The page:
Saturday, March 29, 2014

New paper finds precipitation over Greenland has increased since 1890

A new paper published in the International Journal of Climatology finds precipitation over Greenland shows an increasing trend from 1890-2012. According to the paper, "The coastal meteorological stations showed on average increasing trends for 1890–2012 (3.5 mm water equivalent per year) and 1961–2012 (1.3 mm water equivalent per year). Increased precipitation offsets Greenland ice sheet mass loss from increased snowfall. Increased precipitation and snowfall with warming may partially explain why the Greenland ice sheet has endured much warmer climates in the past, such as during the last interglacial [Eemian], which was 8C warmer in Greenland according to ice core data.

Greenland precipitation trends in a long-term instrumental climate context (1890–2012): evaluation of coastal and ice core records

Sebastian H. Mernild et al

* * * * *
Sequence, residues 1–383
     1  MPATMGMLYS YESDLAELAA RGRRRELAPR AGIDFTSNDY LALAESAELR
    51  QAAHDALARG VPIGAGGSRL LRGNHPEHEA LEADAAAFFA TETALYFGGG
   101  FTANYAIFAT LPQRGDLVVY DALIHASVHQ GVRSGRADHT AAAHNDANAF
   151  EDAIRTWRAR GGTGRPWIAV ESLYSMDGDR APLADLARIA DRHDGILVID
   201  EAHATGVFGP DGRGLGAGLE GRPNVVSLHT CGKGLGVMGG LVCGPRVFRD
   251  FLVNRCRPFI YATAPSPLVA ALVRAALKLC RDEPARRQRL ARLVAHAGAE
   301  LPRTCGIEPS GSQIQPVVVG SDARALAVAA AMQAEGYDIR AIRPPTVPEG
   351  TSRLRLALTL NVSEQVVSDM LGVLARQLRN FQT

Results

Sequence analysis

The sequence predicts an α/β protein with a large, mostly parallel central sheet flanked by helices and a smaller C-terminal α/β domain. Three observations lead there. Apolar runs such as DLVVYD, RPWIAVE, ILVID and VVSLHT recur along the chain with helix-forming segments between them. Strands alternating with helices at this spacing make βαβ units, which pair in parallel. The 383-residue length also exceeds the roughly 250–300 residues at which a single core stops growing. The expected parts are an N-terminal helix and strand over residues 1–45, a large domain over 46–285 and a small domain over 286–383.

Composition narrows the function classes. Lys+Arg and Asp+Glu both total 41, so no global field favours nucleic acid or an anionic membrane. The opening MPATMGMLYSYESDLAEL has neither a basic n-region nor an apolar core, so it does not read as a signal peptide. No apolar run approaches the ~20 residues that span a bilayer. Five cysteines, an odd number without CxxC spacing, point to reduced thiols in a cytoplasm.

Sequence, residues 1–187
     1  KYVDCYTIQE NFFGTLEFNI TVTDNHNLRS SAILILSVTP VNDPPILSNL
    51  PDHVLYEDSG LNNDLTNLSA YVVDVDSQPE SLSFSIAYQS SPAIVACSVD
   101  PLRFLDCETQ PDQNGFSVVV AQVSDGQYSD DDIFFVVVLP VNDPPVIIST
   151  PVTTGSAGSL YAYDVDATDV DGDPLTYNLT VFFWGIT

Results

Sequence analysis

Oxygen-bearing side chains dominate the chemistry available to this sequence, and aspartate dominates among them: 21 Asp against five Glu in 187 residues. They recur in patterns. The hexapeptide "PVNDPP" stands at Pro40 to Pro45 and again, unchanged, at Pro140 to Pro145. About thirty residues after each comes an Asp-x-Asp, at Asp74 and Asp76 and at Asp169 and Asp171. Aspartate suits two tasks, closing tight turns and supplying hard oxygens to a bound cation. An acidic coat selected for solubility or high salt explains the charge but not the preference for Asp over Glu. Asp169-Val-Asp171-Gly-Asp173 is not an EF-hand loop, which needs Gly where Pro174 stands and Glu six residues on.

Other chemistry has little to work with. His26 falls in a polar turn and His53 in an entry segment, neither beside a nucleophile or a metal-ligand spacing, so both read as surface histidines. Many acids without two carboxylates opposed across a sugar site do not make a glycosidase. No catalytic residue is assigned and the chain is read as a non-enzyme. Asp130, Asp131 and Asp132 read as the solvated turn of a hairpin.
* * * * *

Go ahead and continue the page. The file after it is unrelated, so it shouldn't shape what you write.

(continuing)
Here, we present an analysis of monthly, seasonal, and annual long-term precipitation time-series compiled from coastal meteorological stations in Greenland and Greenland Ice Sheet (GrIS) ice cores (including three new ice core records from ACT11D, Tunu2013, and Summit2010). The dataset covers the period from 1890 to 2012, a period of climate warming. For approximately the first decade of the new millennium (2001–2012) minimum and maximum mean annual precipitation conditions are found in Northeast Greenland (Tunu2013 c. 120 mm water equivalent (w.e.) year−1) and South Greenland (Ikerasassuaq: c. 2300 mm w.e. year−1), respectively. The coastal meteorological stations showed on average increasing trends for 1890–2012 (3.5 mm w.e. year−2) and 1961–2012 (1.3 mm w.e. year−2). Years with high coastal annual precipitation also had a: (1) significant high number of precipitation days (r2 = 0.59); and (2) high precipitation intensity measured as 24-h precipitation (r2 = 0.54). For the GrIS the precipitation estimated from ice cores increased on average by 0.1 mm w.e. year−2(1890–2000), showing an antiphase variability in precipitation trends between the GrIS and the coastal regions. Around 1960 a major shift occurred in the precipitation pattern towards wetter precipitation conditions for coastal Greenland, while drier conditions became more prevalent on the GrIS. Differences in precipitation trends indicate a heterogeneous spatial distribution of precipitation in Greenland. An Empirical Orthogonal Function analysis reveals a spatiotemporal cycle of precipitation that is linked instantaneously to the North Atlantic Oscillation and the Atlantic Multidecadal Oscillation and with an ∼6 years lag time response to the Greenland Blocking Index.

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